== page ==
Female Opossum With Babies on Her Back

female opossum


04.16.2006 - This is one of the things that opossums are well-known for. A group of baby opossums clinging to the back of the mother opossum. This kind of thing is common at this time of year, mid-April, because the female possums have their young in the late winter and early spring, and by this point, the young are grown to a size large enough to spend most of their time outside of the pouch and clinging directly to the back of their mother. It's actually an interesting game of survival. The female opossum has 13 nipples. So at the very beginning, there's competition to get a nipple. Babies are born, usually more than 13 of them, at a very tiny size, like a kidney bean. They find a nipple and stay put, but those that don't find a nipple die. Then they grow, and they crowd each other. There's less and less space to hang on as the young grow larger, so some of them get shoved off, and have to fend for themselves. Many of these little possums are very small and not yet ready, and they will likely not survive, as they fall prey to predators.

In this photo, there's eight young (though you can't see them all from this angle).  It's very crowded on this mama possum's back!  Soon more and more young will drop off, until there's only three or four left in mid August, and then it's time for these last few to leave their mom.  The ones that have stayed on for the longest amount of time and grown the largest stand the best chance of survival.

The opossum, (Didelphis virginiana) is a nocturnal animal that lives in North America. It is a marsupial, which means that the females give birth to tiny young, who grow in a pouch. These young eventually cling to the mother's back and drop off when they are large enough. Opossums are unique for many reasons. They have opposable thumbs, prehensile tails, 50 teeth, and several other unusual features. They are omnivores who eat almost anything, they have excellent immune systems, and they rarely live more than 2-3 years in the wild. They are most commonly considered a nuisance species when they live in an attic or other structure, such as under a shed, or steal pet food or threaten animals.

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Opossums are one of those animals that are considered dumb by the majority of people. A lot of the human population thinks of them as brainless and not smart enough to survive difficult situations. However, this is not entirely true. Opossums have more to offer and opposed to the common belief, they are quite the creatures. They are very interesting animals and if you look into them you can find many things that will catch your interest. One such aspect of their life that researchers spend a lot of time looking into is their mating and reproduction behavior. There are many things regarding this which you might not know.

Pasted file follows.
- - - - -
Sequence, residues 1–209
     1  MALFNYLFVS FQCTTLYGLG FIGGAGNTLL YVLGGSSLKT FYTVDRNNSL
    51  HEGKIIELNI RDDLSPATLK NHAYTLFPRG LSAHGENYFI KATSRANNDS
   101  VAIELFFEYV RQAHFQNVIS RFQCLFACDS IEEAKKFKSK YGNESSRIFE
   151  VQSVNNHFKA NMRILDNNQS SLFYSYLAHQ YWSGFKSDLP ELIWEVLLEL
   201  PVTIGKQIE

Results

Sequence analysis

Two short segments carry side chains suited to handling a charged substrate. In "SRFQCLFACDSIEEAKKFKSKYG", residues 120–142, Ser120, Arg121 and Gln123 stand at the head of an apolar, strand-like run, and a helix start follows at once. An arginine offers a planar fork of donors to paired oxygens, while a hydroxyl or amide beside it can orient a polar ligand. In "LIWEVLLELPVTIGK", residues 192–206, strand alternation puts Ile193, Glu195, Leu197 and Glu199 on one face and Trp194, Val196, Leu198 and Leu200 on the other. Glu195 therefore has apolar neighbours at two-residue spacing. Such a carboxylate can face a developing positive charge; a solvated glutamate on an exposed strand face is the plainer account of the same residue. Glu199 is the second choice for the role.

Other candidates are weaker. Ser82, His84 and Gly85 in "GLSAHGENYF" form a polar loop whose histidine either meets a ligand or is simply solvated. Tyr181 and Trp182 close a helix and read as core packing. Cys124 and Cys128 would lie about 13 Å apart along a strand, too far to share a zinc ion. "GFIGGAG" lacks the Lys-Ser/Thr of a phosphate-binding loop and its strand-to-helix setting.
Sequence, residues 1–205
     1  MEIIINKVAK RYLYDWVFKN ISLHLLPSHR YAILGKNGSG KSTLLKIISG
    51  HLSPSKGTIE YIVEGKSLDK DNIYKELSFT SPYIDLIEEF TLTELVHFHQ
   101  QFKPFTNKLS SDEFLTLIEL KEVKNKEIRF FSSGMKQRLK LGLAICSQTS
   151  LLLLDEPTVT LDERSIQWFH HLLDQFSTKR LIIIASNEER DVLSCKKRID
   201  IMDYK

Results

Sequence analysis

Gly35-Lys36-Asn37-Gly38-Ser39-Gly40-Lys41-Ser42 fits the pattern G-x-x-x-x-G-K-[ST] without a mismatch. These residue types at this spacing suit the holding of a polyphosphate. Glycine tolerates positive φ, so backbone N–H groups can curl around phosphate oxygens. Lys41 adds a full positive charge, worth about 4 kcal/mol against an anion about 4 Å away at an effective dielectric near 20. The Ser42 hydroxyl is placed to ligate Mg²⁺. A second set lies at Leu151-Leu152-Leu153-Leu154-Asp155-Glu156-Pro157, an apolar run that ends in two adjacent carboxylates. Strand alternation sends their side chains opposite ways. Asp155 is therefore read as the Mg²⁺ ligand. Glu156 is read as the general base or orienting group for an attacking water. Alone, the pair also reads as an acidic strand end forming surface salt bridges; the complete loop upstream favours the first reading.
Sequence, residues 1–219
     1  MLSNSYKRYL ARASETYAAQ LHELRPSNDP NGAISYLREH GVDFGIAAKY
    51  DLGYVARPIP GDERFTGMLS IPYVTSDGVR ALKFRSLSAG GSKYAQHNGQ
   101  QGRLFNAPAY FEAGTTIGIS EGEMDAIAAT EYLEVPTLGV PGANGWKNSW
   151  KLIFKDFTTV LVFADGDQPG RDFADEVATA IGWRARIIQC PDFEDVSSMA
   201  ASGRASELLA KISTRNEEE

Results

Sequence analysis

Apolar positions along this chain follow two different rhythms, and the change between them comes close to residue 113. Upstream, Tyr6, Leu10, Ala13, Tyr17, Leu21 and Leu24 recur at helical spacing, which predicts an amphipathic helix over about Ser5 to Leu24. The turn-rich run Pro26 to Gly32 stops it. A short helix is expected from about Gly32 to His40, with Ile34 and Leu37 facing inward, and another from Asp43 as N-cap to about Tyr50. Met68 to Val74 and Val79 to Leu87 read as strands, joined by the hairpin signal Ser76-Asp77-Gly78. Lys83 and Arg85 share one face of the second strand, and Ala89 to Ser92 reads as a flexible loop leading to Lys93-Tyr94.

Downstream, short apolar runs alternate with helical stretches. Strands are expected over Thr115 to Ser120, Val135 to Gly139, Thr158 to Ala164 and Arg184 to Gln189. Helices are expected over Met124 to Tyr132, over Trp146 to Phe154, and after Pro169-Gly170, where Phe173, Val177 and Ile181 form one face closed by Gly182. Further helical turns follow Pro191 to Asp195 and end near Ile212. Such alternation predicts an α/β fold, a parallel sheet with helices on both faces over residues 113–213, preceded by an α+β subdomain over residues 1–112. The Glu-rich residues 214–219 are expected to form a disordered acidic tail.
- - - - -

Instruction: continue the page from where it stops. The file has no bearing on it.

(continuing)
Like any other animal, they have their mating months which are from October to December and a majority of the births take place between February and June. The female opossum gets attracted to a male opossum through the special clicking sounds it makes. A female can give birth to a maximum of 20 babies at one time in one litter (average is 8-9 infants) and throughout the year can produce up to 3 litters of babies. A female will only gestate for 11-13 days before giving birth. This short gestation period allows it to give multiple births within a year.

At the time of birth, these opossums are very small weighing an average of 0.13 grams and all of them can fit in your palm; they are also hairless and pale. At the time of birth, the infant is required to leave the birth canal and find its way into the pouch. There are 13 nipples present and it should latch onto one to survive. If they don't find a nipple, their survival becomes very difficult.

As time passes and they start to grow, the space in the pouch becomes tighter and they eventually crowd each other. Some get pushed by the other infants and eventually die due to hunger or fall prey to other animals. Gradually, one by one these infants start falling from the pouch; at the end, only 2-4 survive. These babies then move on to cling to their mother's back. The reason for this is that the pouch becomes too small to fit them all so they are carried by the mother on her back. The babies then assist and watch their mother as she goes out and finds food for herself. During this time, they take notice of all the skills they might need to survive and equip themselves to not fall prey to an animal. Sometimes a baby can fall off the mother's back and get lost, in that case, it sneezes or makes similar sounds to call out to its mother. The mother responds by making sounds similar to that of clicking. After being weaned at 3 months, the babies start to become independent and part ways with their mother.

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